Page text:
Reports that Cambodia’s prime minister, Hun Sen, has ordered a review of foreign-backed construction projects in the coastal resort city of Sihanoukville following the deadly collapse of a building there, might lead to “heightened” inspections and a “slower approval process” for casino projects in that community.
So said Andrew Klebanow (pictured), senior partner at business consultancy Global Market Advisors LLC (GMA), in response to questions from GGRAsia. GMA covers global consumer industries including gaming.
Recent reports indicate that more than 80 gaming permits – for schemes ranging from conventional casinos, to slot parlours, to gaming studios for live online streaming of games to overseas customers – have been granted in Sihanoukville in past months. Most of the schemes are said to involve Chinese money and are aimed at Chinese end-consumers.
Mr Klebanow gave us commentary on the adverse global publicity resulting from the disaster that occurred in the town early on Saturday.
The collapse of a seven-storey, under-construction building claimed at least 28 lives at a reportedly Chinese-backed construction site. It has not been clear from media accounts so far, to what use the doomed building should have been put. Seven people, including five Chinese nationals, have so far been charged with manslaughter or as accomplices to manslaughter, according to reports.
The GMA consultant told GGRAsia: “The immediate effect on the casino resorts that are currently under construction is a heightened level of inspections and a slower approval process.”
“While completion dates will likely be postponed, those builders that have long adhered to high safety standards should not be materially affected. Those builders that have a lesser regard for safety may find their projects delayed even longer. Hopefully, this event will lead to better adherence to safety regulations,” he added.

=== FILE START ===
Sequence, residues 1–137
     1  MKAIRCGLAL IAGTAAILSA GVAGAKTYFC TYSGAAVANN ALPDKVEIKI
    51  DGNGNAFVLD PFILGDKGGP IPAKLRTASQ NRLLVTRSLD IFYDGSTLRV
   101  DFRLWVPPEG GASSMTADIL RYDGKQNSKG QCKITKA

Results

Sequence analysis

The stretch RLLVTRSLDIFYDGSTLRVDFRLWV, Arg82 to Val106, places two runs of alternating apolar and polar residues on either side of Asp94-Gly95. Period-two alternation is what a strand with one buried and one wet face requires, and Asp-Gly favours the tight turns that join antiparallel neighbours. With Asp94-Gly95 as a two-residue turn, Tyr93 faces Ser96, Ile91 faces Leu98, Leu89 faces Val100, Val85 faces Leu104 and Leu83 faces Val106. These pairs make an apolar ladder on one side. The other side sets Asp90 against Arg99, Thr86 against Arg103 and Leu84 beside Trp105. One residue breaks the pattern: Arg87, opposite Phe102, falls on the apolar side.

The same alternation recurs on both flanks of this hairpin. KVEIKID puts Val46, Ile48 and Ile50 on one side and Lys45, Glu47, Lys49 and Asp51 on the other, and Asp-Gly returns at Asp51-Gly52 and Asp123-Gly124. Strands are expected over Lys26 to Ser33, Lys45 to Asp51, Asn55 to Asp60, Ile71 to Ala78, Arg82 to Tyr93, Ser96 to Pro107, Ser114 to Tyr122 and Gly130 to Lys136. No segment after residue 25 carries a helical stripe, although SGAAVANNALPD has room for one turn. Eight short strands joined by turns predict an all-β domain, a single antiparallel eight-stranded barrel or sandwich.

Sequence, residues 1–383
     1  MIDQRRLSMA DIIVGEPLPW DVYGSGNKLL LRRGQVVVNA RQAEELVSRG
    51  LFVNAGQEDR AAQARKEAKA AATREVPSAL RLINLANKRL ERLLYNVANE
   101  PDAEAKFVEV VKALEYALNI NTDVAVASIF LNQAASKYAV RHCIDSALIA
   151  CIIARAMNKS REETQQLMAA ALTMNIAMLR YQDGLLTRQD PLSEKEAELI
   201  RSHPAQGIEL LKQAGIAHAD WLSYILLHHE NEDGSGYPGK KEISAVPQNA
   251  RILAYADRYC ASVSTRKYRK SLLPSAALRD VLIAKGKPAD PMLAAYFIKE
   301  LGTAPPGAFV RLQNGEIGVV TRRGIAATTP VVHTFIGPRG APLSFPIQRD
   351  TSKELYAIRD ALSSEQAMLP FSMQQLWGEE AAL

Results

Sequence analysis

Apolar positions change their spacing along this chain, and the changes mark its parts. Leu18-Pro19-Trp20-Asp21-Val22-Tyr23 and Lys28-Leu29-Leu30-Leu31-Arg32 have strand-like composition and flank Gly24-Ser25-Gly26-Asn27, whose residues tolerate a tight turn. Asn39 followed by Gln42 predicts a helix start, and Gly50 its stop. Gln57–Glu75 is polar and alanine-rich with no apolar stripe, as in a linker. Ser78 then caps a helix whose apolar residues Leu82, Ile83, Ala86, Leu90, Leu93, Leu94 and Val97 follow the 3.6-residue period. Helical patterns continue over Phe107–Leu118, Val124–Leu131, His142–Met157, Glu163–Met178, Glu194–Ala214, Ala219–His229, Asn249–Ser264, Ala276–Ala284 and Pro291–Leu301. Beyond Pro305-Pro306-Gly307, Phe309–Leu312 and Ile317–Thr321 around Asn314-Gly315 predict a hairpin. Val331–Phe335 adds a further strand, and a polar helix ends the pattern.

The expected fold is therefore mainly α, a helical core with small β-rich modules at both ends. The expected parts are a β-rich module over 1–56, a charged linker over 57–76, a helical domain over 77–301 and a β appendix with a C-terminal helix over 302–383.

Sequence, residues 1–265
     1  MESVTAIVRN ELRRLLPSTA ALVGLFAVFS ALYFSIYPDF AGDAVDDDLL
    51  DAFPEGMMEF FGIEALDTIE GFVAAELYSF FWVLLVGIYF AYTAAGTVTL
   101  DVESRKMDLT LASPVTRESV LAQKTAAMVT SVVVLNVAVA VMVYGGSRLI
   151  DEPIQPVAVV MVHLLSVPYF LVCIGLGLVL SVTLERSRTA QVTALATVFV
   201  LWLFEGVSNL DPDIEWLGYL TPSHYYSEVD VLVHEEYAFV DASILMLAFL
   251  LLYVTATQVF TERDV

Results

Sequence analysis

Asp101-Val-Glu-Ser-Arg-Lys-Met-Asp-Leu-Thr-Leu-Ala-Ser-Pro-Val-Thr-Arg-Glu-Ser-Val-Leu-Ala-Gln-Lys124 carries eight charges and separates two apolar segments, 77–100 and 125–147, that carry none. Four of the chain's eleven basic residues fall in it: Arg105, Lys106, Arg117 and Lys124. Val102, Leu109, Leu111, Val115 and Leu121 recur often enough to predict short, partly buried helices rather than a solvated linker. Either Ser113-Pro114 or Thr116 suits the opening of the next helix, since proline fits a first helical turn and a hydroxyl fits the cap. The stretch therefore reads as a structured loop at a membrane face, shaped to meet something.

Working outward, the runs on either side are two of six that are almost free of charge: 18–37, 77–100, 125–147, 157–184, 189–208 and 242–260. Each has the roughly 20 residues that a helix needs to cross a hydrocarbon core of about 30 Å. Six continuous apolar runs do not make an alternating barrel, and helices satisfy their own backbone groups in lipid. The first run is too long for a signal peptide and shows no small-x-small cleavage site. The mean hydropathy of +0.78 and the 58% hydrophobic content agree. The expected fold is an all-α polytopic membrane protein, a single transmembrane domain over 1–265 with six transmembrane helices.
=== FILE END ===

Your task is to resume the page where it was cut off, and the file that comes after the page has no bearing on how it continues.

A Facebook page in the name of the country’s Prime Minister said on Monday that Nhim Vanda, the deputy director of the National Committee on Disaster Management, had been sacked as a result of the collapse, and that Yun Min, governor of Preah Sihanouk province, the area encompassing Sihanoukville, had tendered his resignation over what was considered the deadliest industrial accident in recent years in Cambodia.
The Phnom Penh Post newspaper reported on Monday that the authorities had twice tried to stop the doomed building’s construction, but its owner – described as a Chinese national – had not cooperated.
GMA’s Mr Klebanow said that such tragedies were “not limited” to emerging economies such as Cambodia.
“They can occur anywhere when safety is compromised to build quickly in order to meet market demand,” he noted.
GGRAsia asked Mr Klebanow whether the aftermath of the disaster might lead to a slowing or cessation of new gaming licences being issued in Sihanoukville or elsewhere in Cambodia.
He said: “I do not believe that this event will slow down the issuance of licences. Market forces will probably dictate the process as developers evaluate projected future demand for gaming in the region.”
Commenting in general terms about the construction boom in Sihanoukville, Mr Klebanow stated: “Hopefully, this tragedy will bring some order to the construction permitting, approval and inspection processes along with an increase in the number of inspectors and their ability to better regulate the construction industry.”
Brendan Bussmann, a GMA partner and its director of government affairs, also gave GGRAsia some commentary on the booming gaming sector in the Southeast Asia country: “Cambodia as a whole is a very robust market that will continue to see growth but this week’s events put a greater eye on the construction of facilities as the market expands. This also heightens some of the culture divide that continues to grow as outsider developers look to enter into the market.”
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